My goal is to help you understand the concepts, NOT provide advice. If you need individual advice, you should seek a tax professional.
The Topics We Will Cover
We’ll organize this into three sections: Understanding income, understanding expenses, and understanding how to put that all together on your taxes.
We’ve got a lot of articles in this guide. That’s because I wanted to be thorough enough on each topic, but not making it one horribly long read. It’s meant to put it all together in bite sized chunks.
1. Understanding your income.
Here’s the thing: You aren’t taxed based on the money you get from Doordash, Uber Eats, Grubhub, Instacart and all the others.
You’re taxed on your profit. We’ll talk about what that is. Here’s the crazy thing – your business expenses actually go into the income part of your tax form. How does that make sense?
Because the expenses help you determine profit, and profit is your form of income.
We’ll talk about the money coming in. What earnings DO you report? How do you handle the 1099’s you get from gig companies?
And we’ll talk about what to do if the income reports are wrong.
2. Understanding your expenses.
Once you understand that your income is actually what’s left over after your expenses, then it makes sense to understand your expenses.
Most of this is about your car. That’s because for most of us in the delivery gig, car expenses are far and away THE biggest expense. If you fail to understand your car expenses, you could pay thousands more in taxes than you have to. Most other expenses have nowhere near that kind of impact.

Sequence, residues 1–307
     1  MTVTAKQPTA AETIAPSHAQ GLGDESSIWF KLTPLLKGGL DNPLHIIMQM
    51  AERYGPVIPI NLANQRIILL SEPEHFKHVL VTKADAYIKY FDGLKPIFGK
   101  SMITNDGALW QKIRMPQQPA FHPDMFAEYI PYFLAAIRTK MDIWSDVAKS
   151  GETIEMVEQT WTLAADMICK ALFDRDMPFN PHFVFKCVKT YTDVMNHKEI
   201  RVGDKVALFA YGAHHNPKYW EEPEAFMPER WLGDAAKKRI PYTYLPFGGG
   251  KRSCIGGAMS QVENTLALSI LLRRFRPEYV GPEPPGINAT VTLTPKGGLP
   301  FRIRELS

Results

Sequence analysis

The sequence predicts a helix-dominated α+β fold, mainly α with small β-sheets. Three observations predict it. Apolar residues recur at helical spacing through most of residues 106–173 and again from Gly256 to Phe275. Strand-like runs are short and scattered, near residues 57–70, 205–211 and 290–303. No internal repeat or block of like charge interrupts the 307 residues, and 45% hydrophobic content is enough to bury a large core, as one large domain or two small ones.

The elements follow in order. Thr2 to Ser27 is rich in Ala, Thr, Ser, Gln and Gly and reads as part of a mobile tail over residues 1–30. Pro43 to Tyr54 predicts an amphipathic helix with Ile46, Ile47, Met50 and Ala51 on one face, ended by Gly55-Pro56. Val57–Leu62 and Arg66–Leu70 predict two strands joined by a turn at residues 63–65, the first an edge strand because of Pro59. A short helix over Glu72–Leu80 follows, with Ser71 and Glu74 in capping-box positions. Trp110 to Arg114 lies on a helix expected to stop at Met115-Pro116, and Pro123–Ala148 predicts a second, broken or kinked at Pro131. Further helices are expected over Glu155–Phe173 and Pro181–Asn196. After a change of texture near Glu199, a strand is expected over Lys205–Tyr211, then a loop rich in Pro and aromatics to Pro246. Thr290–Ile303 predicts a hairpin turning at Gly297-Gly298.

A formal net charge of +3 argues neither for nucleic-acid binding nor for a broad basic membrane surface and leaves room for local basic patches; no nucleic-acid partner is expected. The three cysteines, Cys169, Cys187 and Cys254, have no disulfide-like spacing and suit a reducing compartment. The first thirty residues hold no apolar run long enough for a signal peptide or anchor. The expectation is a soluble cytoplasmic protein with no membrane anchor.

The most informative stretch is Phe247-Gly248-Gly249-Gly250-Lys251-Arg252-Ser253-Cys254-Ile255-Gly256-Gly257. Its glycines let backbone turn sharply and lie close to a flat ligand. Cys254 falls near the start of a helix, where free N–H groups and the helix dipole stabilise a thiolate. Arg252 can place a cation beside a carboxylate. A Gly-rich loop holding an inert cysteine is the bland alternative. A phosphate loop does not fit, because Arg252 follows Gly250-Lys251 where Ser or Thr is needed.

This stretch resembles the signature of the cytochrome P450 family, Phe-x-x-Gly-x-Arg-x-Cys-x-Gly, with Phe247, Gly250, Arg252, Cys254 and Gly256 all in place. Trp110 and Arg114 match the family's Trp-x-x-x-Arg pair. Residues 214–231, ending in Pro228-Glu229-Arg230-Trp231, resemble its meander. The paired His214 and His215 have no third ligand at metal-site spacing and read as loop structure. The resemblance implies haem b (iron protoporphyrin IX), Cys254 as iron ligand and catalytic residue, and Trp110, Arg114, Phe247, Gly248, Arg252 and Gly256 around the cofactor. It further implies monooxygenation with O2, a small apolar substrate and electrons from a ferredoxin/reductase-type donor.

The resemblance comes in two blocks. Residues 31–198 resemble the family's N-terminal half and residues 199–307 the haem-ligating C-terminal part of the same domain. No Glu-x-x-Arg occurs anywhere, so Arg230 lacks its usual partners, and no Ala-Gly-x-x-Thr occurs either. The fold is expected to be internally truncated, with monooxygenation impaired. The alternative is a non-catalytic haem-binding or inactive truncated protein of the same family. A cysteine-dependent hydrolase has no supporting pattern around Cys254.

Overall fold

We’ll talk about what car expenses you can claim, and try to sort out the difference between claiming the standard mileage deduction and claiming actual expenses.
We’ll talk about how to track your miles, which miles you can track, and even what to do if you forgot to track miles.
And then we’ll talk about some of the non car expenses that are common for delivery contractors.
3. How Does your Income (profit from your delivery business) affect what you actually have to pay in taxes?
Once you’ve figured out your revenue, your expenses, and your profits, what do you do with that?
We’ll talk about the form you use to report your profit and loss from your business (called a Schedule C)
Then we’ll talk about what self employment tax is, and how income taxes work in light of your self employment income.
We’ll get into some special deductions a self employed person can take on their taxes that aren’t actually expenses. These deductions are part of the tax filing process.
Finally we’ll get into how to save up for your taxes for the next year.
In case you didn’t catch it before.
I’m not a tax pro. I just saw the need to present this information in a step by step manner to help understand how taxes work.
This is not tax advice.
This is intended to educate. To help you understand taxes, explain the concepts.
Once you understand taxes better, you can figure out where to go. If you need tax advice related to your specific situation, seek out a tax pro who understands gig economy taxes.
Let me know how this helps. Let me know your feedback. Are there questions that remain unanswered? Is this explaining things well or muddying the picture even worse?
There’s a lot of misinformation and disinformation out there about taxes. There’s bad advice and incorrect data all over. I want to provide something that helps. Hearing from you will help me refine and hone this. Thank you in advance for your feedback!
This card below lists out the articles in this series, or you can check the list in the sidebar.
Tax Guide: Understanding Your Income
The following three articles help you understand what your real income is as an independent contractor.
Tax Guide: Understanding Your Expenses
The following eight articles help you understand the expenses you can claim on your Schedule C. Most of these are about your car, your biggest expense.
Filling Out Your Tax Forms
Once you understand your income and expenses, what do you do with them? Where does all this information go when you start filling out your taxes?